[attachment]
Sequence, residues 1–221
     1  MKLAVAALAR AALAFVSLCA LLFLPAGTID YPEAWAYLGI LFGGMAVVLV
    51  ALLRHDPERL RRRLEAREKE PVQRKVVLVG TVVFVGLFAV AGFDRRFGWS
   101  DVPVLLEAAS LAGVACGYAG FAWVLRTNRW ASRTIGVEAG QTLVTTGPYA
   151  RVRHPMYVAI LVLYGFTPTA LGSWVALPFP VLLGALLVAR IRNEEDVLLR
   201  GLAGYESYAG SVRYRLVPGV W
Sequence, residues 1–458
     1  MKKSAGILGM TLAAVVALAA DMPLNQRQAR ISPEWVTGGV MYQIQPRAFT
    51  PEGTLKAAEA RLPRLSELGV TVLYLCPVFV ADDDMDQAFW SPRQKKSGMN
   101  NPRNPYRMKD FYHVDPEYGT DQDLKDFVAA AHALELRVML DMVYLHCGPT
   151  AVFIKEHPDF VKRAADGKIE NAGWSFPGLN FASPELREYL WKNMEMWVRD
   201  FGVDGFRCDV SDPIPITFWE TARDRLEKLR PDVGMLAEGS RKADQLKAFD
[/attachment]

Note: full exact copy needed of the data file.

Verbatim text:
Sequence, residues 1–221
     1  MKLAVAALAR AALAFVSLCA LLFLPAGTID YPEAWAYLGI LFGGMAVVLV
    51  ALLRHDPERL RRRLEAREKE PVQRKVVLVG TVVFVGLFAV AGFDRRFGWS
   101  DVPVLLEAAS LAGVACGYAG FAWVLRTNRW ASRTIGVEAG QTLVTTGPYA
   151  RVRHPMYVAI LVLYGFTPTA LGSWVALPFP VLLGALLVAR IRNEEDVLLR
   201  GLAGYESYAG SVRYRLVPGV W
Sequence, residues 1–458
     1  MKKSAGILGM TLAAVVALAA DMPLNQRQAR ISPEWVTGGV MYQIQPRAFT
    51  PEGTLKAAEA RLPRLSELGV TVLYLCPVFV ADDDMDQAFW SPRQKKSGMN
   101  NPRNPYRMKD FYHVDPEYGT DQDLKDFVAA AHALELRVML DMVYLHCGPT
   151  AVFIKEHPDF VKRAADGKIE NAGWSFPGLN FASPELREYL WKNMEMWVRD
   201  FGVDGFRCDV SDPIPITFWE TARDRLEKLR PDVGMLAEGS RKADQLKAFD